The communion of saints

The importance of the company of the faithful is in the creeds but seems to get varying degrees of attention or prominence in practicing the faith and devotionally. Is it possible to reach a more detailed and engaged consensus beyond a vague, formal celebration of the cloud of witnesses?

Comments

  • I am assuming you're discounting the Catholic and Orthodox Churches? Otherwise there's your answer.
  • PhilipVPhilipV Shipmate
    mousethief wrote: »
    I am assuming you're discounting the Catholic and Orthodox Churches? Otherwise there's your answer.

    How does that answer the quest around consensus? Saints as intercessors and the idea of a distant heaven is one perspective - not without its limitations in working towards an appreciation of holiness.
  • I was referring to the vague, formal celebration. Neither the RCC nor the EOC is vague on the saints. Of course many Protestants go OOOOH ICK ICK THAT'S TOO PAPIST!!!!!! about the saints. Not sure how you can get a consensus with folks like that in the tent.
  • MooMoo Kerygmania Host
    In the 1979 TEC prayer book, after the prayers of the people, there are eight collects from which the celebrant can choose.

    One of them goes
    Almighty God, by your Holy Spirit you have made us one with your saints in heaven and on earth. Grant that in our earthly pilgrimage we may always be supported by this fellowship of love and prayer, and know ourselves to be surrounded by their witness to your power and mercy. We ask this for the sake of Jesus Christ, in whom all our intercessions are acceptable through the Spirit, and who lives and reigns forever and ever. Amen

    Unfortunately, this prayer is rarely heard in most churches.
  • EutychusEutychus Shipmate
    mousethief wrote: »
    Of course many Protestants go OOOOH ICK ICK THAT'S TOO PAPIST!!!!!! about the saints. Not sure how you can get a consensus with folks like that in the tent.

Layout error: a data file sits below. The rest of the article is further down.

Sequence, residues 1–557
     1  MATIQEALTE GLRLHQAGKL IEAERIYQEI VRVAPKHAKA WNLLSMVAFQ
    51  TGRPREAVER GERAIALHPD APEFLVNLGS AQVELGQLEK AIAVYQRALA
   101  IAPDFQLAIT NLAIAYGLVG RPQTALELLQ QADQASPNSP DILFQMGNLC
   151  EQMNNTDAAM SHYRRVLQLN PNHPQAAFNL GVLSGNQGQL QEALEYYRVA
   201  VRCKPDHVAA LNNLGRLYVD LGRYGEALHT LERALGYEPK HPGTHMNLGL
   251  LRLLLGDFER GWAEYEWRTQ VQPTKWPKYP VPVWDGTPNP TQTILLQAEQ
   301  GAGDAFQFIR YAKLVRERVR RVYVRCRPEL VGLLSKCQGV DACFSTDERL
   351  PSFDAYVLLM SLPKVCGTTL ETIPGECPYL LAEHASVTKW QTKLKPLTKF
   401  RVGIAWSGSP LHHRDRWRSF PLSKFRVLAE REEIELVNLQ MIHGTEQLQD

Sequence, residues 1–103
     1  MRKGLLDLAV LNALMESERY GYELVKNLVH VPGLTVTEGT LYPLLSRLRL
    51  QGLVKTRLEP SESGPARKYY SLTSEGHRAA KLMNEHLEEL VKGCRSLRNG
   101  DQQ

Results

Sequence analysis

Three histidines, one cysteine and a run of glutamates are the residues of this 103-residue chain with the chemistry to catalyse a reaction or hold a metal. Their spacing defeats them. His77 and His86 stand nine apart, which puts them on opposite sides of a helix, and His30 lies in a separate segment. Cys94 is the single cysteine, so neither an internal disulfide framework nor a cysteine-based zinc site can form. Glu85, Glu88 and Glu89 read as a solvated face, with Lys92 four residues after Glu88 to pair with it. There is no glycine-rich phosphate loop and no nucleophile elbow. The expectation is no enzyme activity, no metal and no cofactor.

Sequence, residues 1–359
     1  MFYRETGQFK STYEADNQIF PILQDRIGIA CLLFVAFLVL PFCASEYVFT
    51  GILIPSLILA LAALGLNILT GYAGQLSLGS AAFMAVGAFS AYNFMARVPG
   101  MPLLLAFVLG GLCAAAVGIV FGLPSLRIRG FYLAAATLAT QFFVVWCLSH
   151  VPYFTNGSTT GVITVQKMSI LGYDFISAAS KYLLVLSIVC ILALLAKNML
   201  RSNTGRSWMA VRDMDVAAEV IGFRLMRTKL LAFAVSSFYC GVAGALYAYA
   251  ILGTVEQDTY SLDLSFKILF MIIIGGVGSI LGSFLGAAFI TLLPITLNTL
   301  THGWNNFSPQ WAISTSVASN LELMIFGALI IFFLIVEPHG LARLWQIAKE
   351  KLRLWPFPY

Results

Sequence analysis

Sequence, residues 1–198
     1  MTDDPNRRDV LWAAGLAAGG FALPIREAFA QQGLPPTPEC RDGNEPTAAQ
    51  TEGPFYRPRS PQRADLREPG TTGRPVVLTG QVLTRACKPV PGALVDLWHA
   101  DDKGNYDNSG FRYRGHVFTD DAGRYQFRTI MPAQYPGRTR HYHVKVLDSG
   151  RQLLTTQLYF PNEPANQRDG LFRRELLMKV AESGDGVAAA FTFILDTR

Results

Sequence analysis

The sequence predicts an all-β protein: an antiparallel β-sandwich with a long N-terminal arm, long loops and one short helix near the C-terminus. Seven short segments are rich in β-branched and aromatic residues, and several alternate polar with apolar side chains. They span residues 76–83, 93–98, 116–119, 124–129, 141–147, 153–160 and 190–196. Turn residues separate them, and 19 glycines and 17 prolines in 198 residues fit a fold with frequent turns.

Not sure how you can get a consensus with folks whose opening salvo is a caricature like that, either.

    Since this is Kerygmania, can you enlighten me about the precedent in the Bible for deceased saints as intercessors?

  • When my father died the vicar said, "Every time we repeat the words, 'Therefore with angels and archangels and with all the company of heaven,' we are celebrating that X is still with us". Recently I repeated those words at my mother's funeral.
  • Martin54Martin54 Shipmate
    Being post-Prod I don't ICK no more. Happy to deconstruct any Christian traditional ritual, where necessary, and reconstruct it to where it works rationally for me and I certainly wouldn't dream of questioning another in a matter of religion.
  • " I certainly wouldn't dream of questioning another in a matter of religion."

    Sorry, I've been overtaken by a coughing fit. Does anyone have any sal volatile?
  • Martin54Martin54 Shipmate
    edited January 15
    " I certainly wouldn't dream of questioning another in a matter of religion."

    Sorry, I've been overtaken by a coughing fit. Does anyone have any sal volatile?

    : ) I might well state my take. But it is not for me to question an article of faith. It's easier not to with non-Christians, I ask for clarification with my Muslim colleagues for example (and now only ever refer to 'The Prophet'). I've done the same with Hindu and Sikh colleagues. And no, I would never state my take unless it is in agreement. Although I wish I had once. My Muslim boss was having a homophobic rant and assuming I as a Christian agreed. I kept my peace but thought afterwards of what I wished I'd said.

    So it is with Orthodox and Roman distinctives. I have mellowed... one reserves ones vitriol for generic and Protestant... issues. But only here. Never in person. Well not for 10 years.
  • Eutychus wrote: »
    mousethief wrote: »